But votes for the agency’s top job are routinely overshadowed by national and regional divisions.
Chinese candidate Qian said that “China does not want to replace the role of the United States.”
“I went to the State Department and I had a long discussion with officials there. I said ‘I really don’t think you Americans should give up your global responsibility especially in UNESCO,” he said.
“We need America.”


Daesh militants kill 7 US-backed fighters in Syria: commanders

Updated 26 March 2019
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Daesh militants kill 7 US-backed fighters in Syria: commanders

  • Manbij is a former Daesh stronghold that is now ruled by a military council affiliated with the Syrian Democratic Forces
  • Daesh has vowed to carry out revenge attacks against the SDF

BEIRUT: Daesh militants killed seven US-backed fighters in the northern Syrian city of Manbij, its military council said on Tuesday, days after the group’s “caliphate” was declared defeated.

Daesh has claimed the Manbij attack. Manbij is a former Daesh stronghold that is now ruled by a military council affiliated with the Syrian Democratic Forces (SDF), the US-backed Kurdish-led alliance which declared victory over Daesh in its last redoubt in eastern Syria on Saturday.
At around midnight (2200 GMT) on Monday, gunmen opened fire at fighters manning a checkpoint at the entrance to the city, killing seven, the council said.

“The caliphate’s soldiers attacked a checkpoint ... west of Manbij city last night,” said a statement published on the group’s social media channels.
Council spokesman Sherfan Darwish earlier said it could be a revenge attack by Daesh sleeper cells.
“After the victory over IS, we have entered the phase of sleeper cells,” Darwish said.
“These sleeper cells are being activated and carrying out attacks but we will foil their operations.”
The Syrian Observatory for Human Rights, a Britain-based monitor of the war, said the attack was probably the work of Daesh, which would make it “the first attack of its kind” since the SDF declared the defeat of the caliphate last week.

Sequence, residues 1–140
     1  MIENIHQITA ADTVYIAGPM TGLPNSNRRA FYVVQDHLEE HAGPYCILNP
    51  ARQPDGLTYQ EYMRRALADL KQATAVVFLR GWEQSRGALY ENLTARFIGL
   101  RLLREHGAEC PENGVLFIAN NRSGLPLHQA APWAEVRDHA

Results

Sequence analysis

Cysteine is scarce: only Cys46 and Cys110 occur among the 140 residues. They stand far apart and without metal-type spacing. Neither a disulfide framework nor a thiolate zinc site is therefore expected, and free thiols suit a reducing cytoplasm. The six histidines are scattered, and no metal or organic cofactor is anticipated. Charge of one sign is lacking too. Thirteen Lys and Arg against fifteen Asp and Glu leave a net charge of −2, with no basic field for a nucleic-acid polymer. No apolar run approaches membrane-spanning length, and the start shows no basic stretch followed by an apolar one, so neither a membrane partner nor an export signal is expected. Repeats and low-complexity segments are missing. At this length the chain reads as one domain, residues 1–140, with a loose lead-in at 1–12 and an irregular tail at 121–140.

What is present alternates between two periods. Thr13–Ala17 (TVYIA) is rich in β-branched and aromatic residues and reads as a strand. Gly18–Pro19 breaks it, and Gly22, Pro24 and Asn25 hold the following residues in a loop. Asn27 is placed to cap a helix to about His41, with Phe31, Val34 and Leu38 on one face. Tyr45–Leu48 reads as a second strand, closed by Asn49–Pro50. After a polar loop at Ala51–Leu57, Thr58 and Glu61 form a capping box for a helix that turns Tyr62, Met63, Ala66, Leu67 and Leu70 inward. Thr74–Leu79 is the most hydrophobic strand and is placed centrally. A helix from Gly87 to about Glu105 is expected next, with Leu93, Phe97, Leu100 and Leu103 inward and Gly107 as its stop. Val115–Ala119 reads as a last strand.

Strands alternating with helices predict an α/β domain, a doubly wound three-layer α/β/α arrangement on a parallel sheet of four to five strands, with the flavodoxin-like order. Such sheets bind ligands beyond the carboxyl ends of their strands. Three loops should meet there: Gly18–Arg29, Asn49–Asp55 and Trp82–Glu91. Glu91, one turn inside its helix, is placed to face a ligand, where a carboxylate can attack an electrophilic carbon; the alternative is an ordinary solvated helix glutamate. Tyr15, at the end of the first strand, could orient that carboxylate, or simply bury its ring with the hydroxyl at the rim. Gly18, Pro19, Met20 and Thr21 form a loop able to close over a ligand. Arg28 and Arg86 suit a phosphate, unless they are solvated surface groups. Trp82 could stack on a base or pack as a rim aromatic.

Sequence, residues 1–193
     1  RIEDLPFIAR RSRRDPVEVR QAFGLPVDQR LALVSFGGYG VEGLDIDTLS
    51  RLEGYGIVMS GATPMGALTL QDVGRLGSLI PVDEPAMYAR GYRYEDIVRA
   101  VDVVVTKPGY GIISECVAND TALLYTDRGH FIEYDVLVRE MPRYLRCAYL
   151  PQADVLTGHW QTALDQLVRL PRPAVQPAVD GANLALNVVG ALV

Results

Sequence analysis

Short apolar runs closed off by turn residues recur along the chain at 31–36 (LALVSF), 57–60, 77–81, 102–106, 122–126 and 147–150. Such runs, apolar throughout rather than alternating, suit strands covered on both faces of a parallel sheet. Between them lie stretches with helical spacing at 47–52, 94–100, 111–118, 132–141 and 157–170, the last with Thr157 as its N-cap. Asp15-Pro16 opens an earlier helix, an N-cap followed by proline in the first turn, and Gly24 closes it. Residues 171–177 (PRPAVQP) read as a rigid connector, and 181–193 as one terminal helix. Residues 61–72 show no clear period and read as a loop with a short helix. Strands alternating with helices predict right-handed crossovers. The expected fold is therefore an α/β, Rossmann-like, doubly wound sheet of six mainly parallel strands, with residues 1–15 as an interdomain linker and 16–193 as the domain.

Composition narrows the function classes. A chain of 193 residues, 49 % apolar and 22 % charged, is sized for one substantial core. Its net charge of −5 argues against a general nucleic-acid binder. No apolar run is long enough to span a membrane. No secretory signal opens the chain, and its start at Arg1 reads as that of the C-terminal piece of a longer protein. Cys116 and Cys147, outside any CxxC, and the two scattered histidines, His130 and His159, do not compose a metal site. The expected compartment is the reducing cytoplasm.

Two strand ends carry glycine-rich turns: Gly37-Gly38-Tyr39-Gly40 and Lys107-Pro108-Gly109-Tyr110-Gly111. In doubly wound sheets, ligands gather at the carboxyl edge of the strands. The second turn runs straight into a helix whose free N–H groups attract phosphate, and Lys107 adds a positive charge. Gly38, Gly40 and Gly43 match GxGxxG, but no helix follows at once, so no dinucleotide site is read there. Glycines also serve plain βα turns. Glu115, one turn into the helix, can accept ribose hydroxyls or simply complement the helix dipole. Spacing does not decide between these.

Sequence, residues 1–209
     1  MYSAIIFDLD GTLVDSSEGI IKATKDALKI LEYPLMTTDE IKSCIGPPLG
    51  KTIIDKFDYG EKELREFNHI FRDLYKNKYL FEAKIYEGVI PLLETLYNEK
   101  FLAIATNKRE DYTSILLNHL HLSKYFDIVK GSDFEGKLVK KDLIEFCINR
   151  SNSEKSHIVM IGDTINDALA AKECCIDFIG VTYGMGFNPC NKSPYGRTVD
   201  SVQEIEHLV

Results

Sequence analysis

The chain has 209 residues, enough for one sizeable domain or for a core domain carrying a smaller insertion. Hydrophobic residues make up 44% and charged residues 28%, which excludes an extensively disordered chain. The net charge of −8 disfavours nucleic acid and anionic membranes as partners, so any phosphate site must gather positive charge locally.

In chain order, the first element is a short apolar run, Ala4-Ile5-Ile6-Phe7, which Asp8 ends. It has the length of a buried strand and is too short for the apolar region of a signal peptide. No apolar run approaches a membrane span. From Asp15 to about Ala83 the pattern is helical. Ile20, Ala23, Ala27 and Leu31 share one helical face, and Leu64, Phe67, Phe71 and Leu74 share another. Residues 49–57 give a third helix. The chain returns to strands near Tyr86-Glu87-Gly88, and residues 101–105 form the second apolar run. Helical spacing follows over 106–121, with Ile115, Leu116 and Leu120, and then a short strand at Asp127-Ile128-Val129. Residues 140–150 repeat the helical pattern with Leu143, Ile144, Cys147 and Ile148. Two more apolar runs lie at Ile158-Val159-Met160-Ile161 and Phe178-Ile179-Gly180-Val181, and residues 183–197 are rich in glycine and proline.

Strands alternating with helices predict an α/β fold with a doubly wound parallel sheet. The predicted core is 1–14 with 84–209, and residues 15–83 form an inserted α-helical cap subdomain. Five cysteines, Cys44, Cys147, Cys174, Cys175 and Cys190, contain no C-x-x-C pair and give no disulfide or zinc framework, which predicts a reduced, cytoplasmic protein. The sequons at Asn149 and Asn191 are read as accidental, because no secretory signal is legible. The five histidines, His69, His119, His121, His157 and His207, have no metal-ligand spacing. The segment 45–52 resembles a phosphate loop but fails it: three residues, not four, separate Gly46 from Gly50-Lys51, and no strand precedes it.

Observatory head Rami Abdul Rahman said it was also the bloodiest attack in Manbij since January 16, when 19 people, including four US service personnel, were killed in a suicide bombing claimed by Daesh.
Daesh has vowed to carry out revenge attacks against the SDF for the six-month offensive which culminated in the militants’ defeat in the village of Baghouz, close to the Iraqi border, on Saturday.
The Observatory said hundreds of SDF members had been killed in attacks believed to have been carried out by Daesh sleeper cells since August.
Manbij is also a major point of contention between the Kurds, who lead the SDF, and neighboring Turkey, which is deeply opposed to their autonomous administration in northeastern and parts of northern Syria.
The city is one of the few areas west of the Euphrates that remains under Kurdish influence after Turkish troops and their Syrian rebel allies overran the Kurdish enclave of Afrin in March last year.
In December, Ankara threatened to launch a new offensive to dislodge the People’s Protection Units (YPG) — the Kurdish force that forms the backbone of the SDF — from the entire length of the border.
The YPG is considered a terrorist group by Ankara because of its links to the Kurdistan Workers Party (PKK), the outlawed rebel group that has fought a deadly insurgency for self-rule in southeastern Turkey since 1984.